So here in my first post-Dragon NaturallySpeaking 9 rambling I want to go ahead and focus on the unknown. As poker players we are always trying to make the unknown known, whether that be by focusing on pot odds, hourly rates, or past player tendencies as we try to eliminate risk in all its forms and make things predictable. The problem with this is that we can never fully make our future known through past results. As we all know, the game is ever-evolving and yesterday's tricks will never yield the same exact results.
My current thinking has been heavily impacted by the best-selling business author Nassim Nicholas Taleb. For those of you who do not know, Mr. Taleb is a former options trader who is railing against the current view of society as being predictable both in the future or in hindsight. He focuses on what he calls black swans -- those rare events that are difficult, if not impossible to predict, and have profound impacts, but yet tend to lead to some later conclusion that they were predictable all along. He says that these are the events that truly shape history. The former paradigm was that history crawls forward, he says that it makes jumps.
In his newest book titled The Black Swan, he also mentions that despite all forms of risk management it is always black swans that ruin our plans. So as this applies to poker, we can do everything we want to to protect our bankroll, minimize our risk exposure, or calculate our hourly rates, but these things will always fail to predict our ultimate results. Here are some examples:
1. We do not put in the hours needed to achieve our expected results. This actually happened to me today. I got up fairly early (for me) and took my girlfriend to get a new tattoo with her bonus money from work. The tattoo artist said it could take as little as two hours but I was expecting more along the lines of three hours. So I went to the bookstore and read for a while, checking in periodically to see how the progress was coming. Incidentally, I did not even get home for about seven hours, only to find that my Internet connection was blown out from some unknown force.
2. You have some unknown cash emergency and need to raid your bankroll, thus inhibiting your ability to play at your highest expectation stakes.
3. Someone, knowingly or unknowingly, hacked your account and either lost a portion or all of your bankroll or dumped all of your chips to a cohort. While this was one of the original fears of online poker players, seldom do you hear this actually happening somebody. However, this actually did happen to a friend of mine several years ago. He left one of his friends behind in his apartment alone with his computer. He had about $1100 in his Party Poker account and his friend, believing that this was play money, pissed away about $900 playing $15/$30 limit hold'em.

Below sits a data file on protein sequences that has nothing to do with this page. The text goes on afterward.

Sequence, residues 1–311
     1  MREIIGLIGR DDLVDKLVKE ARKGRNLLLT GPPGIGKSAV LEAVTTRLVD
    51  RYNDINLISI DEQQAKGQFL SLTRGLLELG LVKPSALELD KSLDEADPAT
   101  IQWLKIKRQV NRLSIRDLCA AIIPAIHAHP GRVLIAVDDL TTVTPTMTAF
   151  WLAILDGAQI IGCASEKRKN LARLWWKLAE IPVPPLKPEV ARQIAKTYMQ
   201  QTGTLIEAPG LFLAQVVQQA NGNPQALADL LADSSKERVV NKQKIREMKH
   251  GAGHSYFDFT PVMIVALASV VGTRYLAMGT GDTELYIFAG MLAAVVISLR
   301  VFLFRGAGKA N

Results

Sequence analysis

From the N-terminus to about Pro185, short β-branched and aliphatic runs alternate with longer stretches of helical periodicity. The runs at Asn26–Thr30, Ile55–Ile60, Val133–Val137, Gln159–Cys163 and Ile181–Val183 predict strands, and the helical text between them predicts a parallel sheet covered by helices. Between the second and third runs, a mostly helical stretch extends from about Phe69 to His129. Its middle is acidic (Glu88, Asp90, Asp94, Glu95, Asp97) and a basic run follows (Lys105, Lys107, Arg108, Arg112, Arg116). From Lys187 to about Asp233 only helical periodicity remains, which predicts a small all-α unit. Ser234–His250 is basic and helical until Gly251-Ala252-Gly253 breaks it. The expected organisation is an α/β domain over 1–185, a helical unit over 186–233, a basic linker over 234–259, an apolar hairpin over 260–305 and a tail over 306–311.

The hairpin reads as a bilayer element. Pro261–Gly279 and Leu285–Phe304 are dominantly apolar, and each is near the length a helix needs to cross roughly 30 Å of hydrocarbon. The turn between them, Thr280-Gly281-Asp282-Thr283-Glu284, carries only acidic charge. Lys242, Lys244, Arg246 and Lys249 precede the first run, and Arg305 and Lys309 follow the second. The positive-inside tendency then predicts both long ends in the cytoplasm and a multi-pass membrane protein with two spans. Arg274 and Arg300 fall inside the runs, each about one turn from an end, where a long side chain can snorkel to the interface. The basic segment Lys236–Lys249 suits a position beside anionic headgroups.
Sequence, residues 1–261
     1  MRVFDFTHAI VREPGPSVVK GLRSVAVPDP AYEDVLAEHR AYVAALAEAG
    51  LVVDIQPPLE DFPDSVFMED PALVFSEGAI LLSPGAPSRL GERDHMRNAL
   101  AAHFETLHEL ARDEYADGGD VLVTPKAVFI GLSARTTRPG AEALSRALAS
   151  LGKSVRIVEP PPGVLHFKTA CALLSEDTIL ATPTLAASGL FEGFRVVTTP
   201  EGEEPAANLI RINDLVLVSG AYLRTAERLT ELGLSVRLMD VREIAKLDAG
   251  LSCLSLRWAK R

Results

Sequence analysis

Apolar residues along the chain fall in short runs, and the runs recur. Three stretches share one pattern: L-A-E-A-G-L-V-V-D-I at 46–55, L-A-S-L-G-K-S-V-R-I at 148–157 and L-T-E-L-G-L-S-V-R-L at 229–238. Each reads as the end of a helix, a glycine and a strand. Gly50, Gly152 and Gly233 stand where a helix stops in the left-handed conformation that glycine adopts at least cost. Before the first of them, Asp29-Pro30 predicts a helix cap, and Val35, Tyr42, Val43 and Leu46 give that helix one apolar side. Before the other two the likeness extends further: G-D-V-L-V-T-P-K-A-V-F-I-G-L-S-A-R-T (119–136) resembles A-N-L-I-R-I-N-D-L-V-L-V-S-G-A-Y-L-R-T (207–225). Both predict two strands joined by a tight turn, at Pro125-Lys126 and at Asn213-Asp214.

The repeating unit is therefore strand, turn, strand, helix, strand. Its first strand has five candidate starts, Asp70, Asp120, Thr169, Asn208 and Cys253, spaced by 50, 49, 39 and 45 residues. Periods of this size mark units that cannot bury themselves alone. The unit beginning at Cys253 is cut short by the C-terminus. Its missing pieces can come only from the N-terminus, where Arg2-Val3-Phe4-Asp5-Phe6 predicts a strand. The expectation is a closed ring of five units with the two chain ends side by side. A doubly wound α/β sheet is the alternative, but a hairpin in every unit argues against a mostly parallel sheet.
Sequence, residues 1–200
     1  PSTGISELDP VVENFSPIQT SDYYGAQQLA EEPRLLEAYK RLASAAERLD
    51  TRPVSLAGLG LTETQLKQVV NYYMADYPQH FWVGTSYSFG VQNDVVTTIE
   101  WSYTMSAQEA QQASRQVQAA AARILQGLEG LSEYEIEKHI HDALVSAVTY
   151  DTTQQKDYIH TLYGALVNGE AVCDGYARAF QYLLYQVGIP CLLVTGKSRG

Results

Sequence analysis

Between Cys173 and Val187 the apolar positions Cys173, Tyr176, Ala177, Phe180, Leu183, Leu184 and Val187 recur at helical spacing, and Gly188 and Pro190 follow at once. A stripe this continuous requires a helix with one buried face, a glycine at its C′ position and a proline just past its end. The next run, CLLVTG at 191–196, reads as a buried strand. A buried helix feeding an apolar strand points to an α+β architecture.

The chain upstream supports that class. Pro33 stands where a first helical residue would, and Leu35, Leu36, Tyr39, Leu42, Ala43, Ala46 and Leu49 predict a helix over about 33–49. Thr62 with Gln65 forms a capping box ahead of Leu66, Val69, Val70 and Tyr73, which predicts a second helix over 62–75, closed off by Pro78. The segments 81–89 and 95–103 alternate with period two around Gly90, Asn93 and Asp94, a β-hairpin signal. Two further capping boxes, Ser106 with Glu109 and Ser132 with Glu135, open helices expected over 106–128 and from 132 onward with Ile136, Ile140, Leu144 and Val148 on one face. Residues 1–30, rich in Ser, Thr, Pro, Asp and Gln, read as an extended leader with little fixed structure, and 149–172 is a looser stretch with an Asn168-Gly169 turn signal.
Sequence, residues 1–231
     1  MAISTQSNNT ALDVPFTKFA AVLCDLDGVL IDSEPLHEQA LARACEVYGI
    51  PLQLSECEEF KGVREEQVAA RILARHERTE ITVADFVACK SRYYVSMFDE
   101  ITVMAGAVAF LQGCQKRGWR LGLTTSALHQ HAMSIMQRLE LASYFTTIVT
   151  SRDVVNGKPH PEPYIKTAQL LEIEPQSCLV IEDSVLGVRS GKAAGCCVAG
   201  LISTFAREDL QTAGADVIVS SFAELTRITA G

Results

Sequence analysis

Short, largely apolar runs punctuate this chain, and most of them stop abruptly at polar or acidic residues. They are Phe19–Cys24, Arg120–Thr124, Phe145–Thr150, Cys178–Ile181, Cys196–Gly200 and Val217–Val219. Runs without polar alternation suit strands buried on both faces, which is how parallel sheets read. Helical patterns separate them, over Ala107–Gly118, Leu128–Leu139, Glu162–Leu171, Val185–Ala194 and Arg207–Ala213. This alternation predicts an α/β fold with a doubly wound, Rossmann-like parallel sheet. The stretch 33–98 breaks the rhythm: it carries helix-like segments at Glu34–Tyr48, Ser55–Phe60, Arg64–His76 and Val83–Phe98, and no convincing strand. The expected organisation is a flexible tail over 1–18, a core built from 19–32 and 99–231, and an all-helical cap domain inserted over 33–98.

4. The money transaction site you are using either stops excepting certain forms of payments, blocks access to certain online sites, or completely folds altogether, sometimes leaving your cash in limbo.
5. Your native government passes new laws like the UIGEA that inhibits or eliminates your opportunity to play altogether. This one took me completely by surprise even though the girl I was dating at the time who knew nothing about the industry, couldn't care less about the game of poker, and was altogether basically ignorant warned me about this happening. As a result, I failed to take the warning seriously and left my money sitting in the sites where it was parked at the time and ended up having no access to its for about four weeks longer than expected. Incidentally, this was all the money I had in the world at the time.
6. And quite possibly the most feared of all outcomes, the action in your preferred game either becomes too difficult to make significant money or the game dries up altogether.
I can certainly go on and on giving different apocalyptic scenarios for what can happen to your money or expectation, but I believe that these are some of the most commonly overlooked or underrepresented threats to your online bankroll or moneymaking capabilities.
So as I get used to using this new software, I hope to become one of the most active or prolific poker writers on the Internet. I hope I am not being too long-winded, because it will be far easier to go on waffling about different topics when I can sit here thinking and speaking about it than by typing alone. I am certainly open to different suggestions and discussion but hope to keep it rather non-confrontational, specifically because I hold very little loyalty to my own ideas or things that I say and I am willing to revise them as new information presents itself to me and I learn through my mistakes and the input of others. Hope to keep you guys reading!